The chief of staff to one of the bill’s co-sponsors, State Sen. Bill Cowsert, told the Macon Telegraph that it “came to light through Kirby Smart at UGA.”

Smart was asked about that after Tuesday’s practice.

“First of all, I shouldn’t get any credit for that,” Smart said. “When I went over to the capitol I was asked what’s the difference in our program and some programs I’ve been at in the past. One of the things I brought up, there’s a difference. And that was the extent of my conversation with those guys about that.

“So for me to get the credit for that is a little bit misleading.”

“Credit”?  I’d say that word doesn’t mean what Kirby Smart thinks it means, except I think he does know.  Exactly.  Which is why he declined to elaborate further when asked.

Smart declined a follow-up question on whether he felt changing the response time from three days to 90 was something the football program needs.

“I’ll be honest with you. I want to talk about our football program, and football practice,” Smart said. “That has nothing to do with as far as our practice today. I would rather answer questions regarding that. Appreciate it.”

Kirby is far from alone in wishing to avoid taking credit.

Georgia athletics director Greg McGarity, who has declined comment on the legislation, attended Smart’s press conference on Tuesday but left as soon as it ended. It’s rare for McGarity to attend such post-practice press conferences.

UGA president Jere Morehead “did not have a role in the legislation,” according to a spokesman in the University System Office in Atlanta.

I’m having trouble adjusting to McGarity as the strong, silent type.  Maybe Mark Bradley can get him to open up.

Anyway, here’s another story.

A House amendment to Senate Bill 323 was agreed upon and passed with the underlying bill last week, a little past midnight on March 23, which will allow for state athletics departments to delay open records requests for 90 days as opposed to three, which is what the law currently states.

Smart was asked what he told legislators on his involvement on getting this amendment through the General Assembly. Smart deferred credit but did say he spoke to lawmakers as to what could be done to help improve the Georgia football program…

With his response, Smart admitted he had a private conversation on the subject with the Georgia legislature. Prior to Smart being questioned about his role with the potential new law, which has been sent to Gov. Nathan Deal’s desk for a signature, Tom Krause, the Chief of Staff of state Sen. Bill Cowsert, R-Athens, said Smart was the key influence to members of the General Assembly deciding to act.

“It’s a similar subject that, from what I understand, came to light through Kirby Smart at UGA,” Krause said. “It had to do with football teams or athletic departments that are recruiting people in state of Georgia. They had a (shorter) window where the documents were not yet public, but other states had 90 days.”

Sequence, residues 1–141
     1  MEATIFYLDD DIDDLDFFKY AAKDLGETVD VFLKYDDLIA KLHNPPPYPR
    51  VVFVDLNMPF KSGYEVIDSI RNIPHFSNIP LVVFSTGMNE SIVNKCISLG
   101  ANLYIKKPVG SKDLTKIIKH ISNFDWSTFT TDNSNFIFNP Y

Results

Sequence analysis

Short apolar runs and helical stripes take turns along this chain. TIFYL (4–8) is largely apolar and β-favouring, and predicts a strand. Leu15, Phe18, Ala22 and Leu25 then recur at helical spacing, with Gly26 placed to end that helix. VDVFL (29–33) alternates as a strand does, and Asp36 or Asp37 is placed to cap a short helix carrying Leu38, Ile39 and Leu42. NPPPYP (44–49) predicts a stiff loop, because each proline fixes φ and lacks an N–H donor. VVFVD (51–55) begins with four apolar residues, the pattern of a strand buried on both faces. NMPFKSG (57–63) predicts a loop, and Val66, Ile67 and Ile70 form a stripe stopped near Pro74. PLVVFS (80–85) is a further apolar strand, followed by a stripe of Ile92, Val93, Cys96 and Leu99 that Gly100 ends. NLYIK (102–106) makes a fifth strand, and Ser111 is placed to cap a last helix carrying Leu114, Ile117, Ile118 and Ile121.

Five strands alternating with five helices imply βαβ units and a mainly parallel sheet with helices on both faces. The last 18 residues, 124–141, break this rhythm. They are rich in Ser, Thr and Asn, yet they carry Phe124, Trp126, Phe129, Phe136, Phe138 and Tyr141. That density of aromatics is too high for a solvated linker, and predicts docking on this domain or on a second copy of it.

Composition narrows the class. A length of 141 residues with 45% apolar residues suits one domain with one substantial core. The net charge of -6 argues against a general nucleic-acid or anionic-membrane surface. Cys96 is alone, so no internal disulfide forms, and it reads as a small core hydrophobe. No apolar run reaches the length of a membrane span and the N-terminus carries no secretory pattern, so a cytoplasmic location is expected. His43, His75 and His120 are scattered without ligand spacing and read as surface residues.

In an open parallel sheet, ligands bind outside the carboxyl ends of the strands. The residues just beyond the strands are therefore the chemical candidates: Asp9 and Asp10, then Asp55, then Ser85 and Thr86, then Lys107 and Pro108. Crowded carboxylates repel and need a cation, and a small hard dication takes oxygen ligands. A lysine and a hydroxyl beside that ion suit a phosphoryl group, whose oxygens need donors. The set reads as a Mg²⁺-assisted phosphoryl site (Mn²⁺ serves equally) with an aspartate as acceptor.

So, ultimately, here’s what you’re being asked to swallow here:

  1. In the midst of recruiting, organizing the program and his very first spring practice preparation, Kirby Smart somehow found the time to show up for a friendly chat with the folks in the Georgia General Assembly.
  2. In the midst of a typically contentious session, members of the Georgia General Assembly found the time to ask what could be done to help the Georgia football program.
  3. Kirby Smart casually mentioned that Nick Saban has an easier time of responding to open records requests but didn’t make a big deal of it, even though he’s described as “the key influence to members of the General Assembly deciding to act”.
  4. Just as casually, Georgia legislators tacked an amendment on to an existing bill that gives Butts-Mehre unprecedented scope in responding to open records requests in the future.
  5. Even though the bill’s scope clearly exceeds the stated nonsensical goal of protecting recruiting secrets, neither Georgia’s athletic director nor its president had anything to do with it.

I’ll buy number two on that list, but the rest requires a leap of faith I’m not capable of taking.  Before Kirby Smart ever showed up to glad hand, or whatever you want to call it, somebody laid the groundwork and found a representative or two willing to carry the athletic department’s water.  Somebody told Kirby Smart what he could expect on his visit.  And whoever that somebody is was shrewd enough to hide the proposal behind Kirby Smart’s honeymoon and the annoying fanboy concern about Georgia’s recruiting against Smart’s old boss.

That’s some effective lobbying there.  So why not step up and take credit for it, especially since Kirby sounds like he’s more than willing to share?  You don’t have to be so modest, mystery man.  If it’s all about recruiting, what citizen of this great state could possibly object, right?

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Filed under Georgia Football, It's All Just Made Up And Flagellant, Political Wankery

Today, in strained political analogies

Feel the Bern:

For Bernie Sanders, superdelegates are “kind of like” college football recruits, his campaign press secretary remarked Monday.